Currently the Environment Secretary, but now in the campaign to become Tory leader and PM; Michael Gove has ditched EU Environmental Protection standards regarding harmful pesticides banned by the EU.
As a precursor of what is to come and in a move to appease the United States in advance of a trade deal, it is clear that the UK is already moving away from EU standards.
The Tory UK government has been transferring EU Directives that have previously been 'transposed' into our legislation, e.g. health and safety at work legislation, the Working Time Directive, and consumer regulations on mobile phone tariffs; into substantive stand alone UK law.
The mechanism used was created by the Withdrawal Act that doesn’t permit substantive changes to these laws.
However, The Huffington Post has reported that Michael Gove is being threatened with legal action amid claims he is using ministerial powers to “delete” regulations on hazardous pesticides post-Brexit.
Rachel Wearmouth’s news report explains:
‘The Chem Trust charity says the environment secretary has laid a last-minute amendment to Brexit legislation which would “substantially weaken” UK law and oversight of chemicals.
‘CHEM Trust is of the view that the Government has acted unlawfully in weakening laws that prevent the use of hazardous endocrine disrupting pesticides, and by removing participation by environment, health and consumer groups from the proposed regulatory procedure for chemicals.
EU law regulates the use of pesticides, through the approval of active substances (the active ingredient in a pesticide) and the authorisation of pesticide products (plant protection products, PPPs).
In carrying across this pesticides law into UK law, the Government have deleted this crucial paragraph that restricts approvals of EDCs to humans.’
Further details of her report can be read here
Unionsafety web-editor, Chris Ingram adds:
The principles being lost here are what has always been the UK’s stance, on consumer, food, workplace and environmental health and safety – a precautionary approach to introduction of new consumer products, chemicals, foods, workplace environments, and anything which can affect the public health.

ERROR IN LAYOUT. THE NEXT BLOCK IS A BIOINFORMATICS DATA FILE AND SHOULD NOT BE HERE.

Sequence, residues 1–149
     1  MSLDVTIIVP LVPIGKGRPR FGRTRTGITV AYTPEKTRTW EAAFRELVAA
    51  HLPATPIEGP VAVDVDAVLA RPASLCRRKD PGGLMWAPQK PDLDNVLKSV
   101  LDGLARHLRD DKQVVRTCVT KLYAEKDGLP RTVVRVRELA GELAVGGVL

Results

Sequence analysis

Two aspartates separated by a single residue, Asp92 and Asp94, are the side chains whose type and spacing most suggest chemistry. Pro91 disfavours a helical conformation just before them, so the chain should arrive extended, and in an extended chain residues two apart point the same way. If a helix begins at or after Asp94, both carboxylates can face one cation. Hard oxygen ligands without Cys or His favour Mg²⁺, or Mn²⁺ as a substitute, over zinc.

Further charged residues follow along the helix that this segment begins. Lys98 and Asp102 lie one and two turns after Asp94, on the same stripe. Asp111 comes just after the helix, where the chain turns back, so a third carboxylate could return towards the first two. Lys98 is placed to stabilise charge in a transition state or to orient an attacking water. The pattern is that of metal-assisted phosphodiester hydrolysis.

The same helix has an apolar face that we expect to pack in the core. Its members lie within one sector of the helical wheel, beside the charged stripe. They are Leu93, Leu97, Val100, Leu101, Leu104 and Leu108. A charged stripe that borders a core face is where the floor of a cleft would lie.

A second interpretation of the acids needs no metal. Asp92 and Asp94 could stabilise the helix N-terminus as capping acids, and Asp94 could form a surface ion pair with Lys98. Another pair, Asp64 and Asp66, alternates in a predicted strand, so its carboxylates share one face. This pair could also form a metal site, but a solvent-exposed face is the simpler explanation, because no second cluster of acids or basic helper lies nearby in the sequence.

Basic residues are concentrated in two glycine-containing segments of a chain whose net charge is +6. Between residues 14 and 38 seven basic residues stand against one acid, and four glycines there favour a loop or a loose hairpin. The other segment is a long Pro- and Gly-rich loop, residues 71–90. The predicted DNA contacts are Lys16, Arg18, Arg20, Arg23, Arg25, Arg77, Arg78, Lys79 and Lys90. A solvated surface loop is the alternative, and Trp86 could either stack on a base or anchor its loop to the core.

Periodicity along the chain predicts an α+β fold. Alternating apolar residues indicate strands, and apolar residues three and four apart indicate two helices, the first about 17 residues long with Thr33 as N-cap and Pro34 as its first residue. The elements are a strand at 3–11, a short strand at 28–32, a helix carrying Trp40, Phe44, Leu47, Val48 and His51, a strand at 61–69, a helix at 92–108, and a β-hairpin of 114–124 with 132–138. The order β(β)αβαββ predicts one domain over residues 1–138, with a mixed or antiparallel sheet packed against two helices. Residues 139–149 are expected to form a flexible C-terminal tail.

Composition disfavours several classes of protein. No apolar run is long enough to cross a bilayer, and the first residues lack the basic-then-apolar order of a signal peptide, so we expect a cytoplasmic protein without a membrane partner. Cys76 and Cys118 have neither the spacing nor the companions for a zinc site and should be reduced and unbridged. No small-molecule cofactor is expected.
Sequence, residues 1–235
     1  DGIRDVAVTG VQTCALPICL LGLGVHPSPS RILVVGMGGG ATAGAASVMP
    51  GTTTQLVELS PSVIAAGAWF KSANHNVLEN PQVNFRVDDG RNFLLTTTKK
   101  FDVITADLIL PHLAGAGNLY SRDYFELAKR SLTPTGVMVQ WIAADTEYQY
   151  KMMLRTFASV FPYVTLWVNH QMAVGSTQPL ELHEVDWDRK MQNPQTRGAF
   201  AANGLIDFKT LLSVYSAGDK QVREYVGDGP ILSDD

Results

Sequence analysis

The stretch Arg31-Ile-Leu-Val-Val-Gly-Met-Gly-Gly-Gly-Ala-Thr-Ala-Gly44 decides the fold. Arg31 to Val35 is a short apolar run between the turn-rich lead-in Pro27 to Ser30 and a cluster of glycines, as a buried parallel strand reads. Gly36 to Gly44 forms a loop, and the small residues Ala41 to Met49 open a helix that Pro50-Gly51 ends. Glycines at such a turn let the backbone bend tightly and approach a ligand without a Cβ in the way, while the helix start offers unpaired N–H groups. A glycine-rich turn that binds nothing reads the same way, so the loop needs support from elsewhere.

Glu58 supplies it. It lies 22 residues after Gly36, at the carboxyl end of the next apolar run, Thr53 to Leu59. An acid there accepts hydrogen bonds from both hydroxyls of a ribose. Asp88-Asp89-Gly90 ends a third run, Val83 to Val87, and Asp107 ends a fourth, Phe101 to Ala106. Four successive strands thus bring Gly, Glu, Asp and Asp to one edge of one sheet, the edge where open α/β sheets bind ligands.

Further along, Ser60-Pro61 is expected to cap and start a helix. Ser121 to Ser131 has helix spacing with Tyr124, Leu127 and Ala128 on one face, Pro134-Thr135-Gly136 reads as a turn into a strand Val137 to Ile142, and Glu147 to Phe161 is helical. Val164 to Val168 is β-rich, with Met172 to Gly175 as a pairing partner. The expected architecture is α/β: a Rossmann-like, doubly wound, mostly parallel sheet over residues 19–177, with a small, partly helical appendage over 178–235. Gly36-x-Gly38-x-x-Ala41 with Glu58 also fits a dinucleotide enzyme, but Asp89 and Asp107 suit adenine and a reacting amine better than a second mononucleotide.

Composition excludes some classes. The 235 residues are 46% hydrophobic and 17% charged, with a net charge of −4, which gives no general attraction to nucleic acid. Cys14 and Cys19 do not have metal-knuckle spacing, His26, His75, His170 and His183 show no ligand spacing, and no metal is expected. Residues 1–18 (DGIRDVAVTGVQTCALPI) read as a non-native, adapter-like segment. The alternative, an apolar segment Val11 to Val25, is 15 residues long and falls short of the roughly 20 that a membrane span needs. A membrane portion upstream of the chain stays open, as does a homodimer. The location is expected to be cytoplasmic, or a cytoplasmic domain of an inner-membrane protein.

This principle is enshrined in EU legislation adopted across all of mainland Europe and in the UK as a member state of the EU. This also includes the EEA trio of nations.
Specifically on chemicals, REACH (Registration, Evaluation, Authorisation and Restriction of Chemicals) introduced under EC Regulation 1907/2006 enshrines the so-called precautionary principle.
Therefore chemicals should not be marketed and sold unless there is clear scientific evidence to show that they are effective and that any harm they pose to the public is minimal and controlled.
The United States has no such principle and puts profit ahead of public safety, by allowing any products or chemicals to be sold unless there is clear ‘scientific evidence’ to show they are harmful. This allows US business to reject any arguments and question ‘the science’ leaving consumers having to take legal action to remove carcinogens, environmental damaging substances, poisons in food, and even asbestos in children’s toys!
The outcome of such action takes years and cannot always be guaranteed to ensure a just outcome, not to mention the huge cost of taking a company to court.
If we follow the US, not only will our pharmaceutical companies probably no longer be able to sell products in the Single Market, but public safety will be harmed, as this example of Gove’s jumping the gun on a trade deal with America makes all too clear.
This is the price we will pay for alignment with the US and will increase illness and deaths and ensure minimal protection for the public, consumers, our environment and our children’s future. Workplace deaths from having to work with known substances that are carcinogenic and environmental pollution will increase.
Finally unless we align ALL our standards with those of the US, after signing a UK/US trade deal, we will most probably be sued for £Billions, as have countries like under the Investor State Disputes Settlement procedures inherent in all trade deals the US does with other nations.
For an example of how science is junked and distorted by chemical companies such as Monsanto read this
Source: Huffington Post / ChemTrust / Business and Human Rights Resource Centre / unionsafety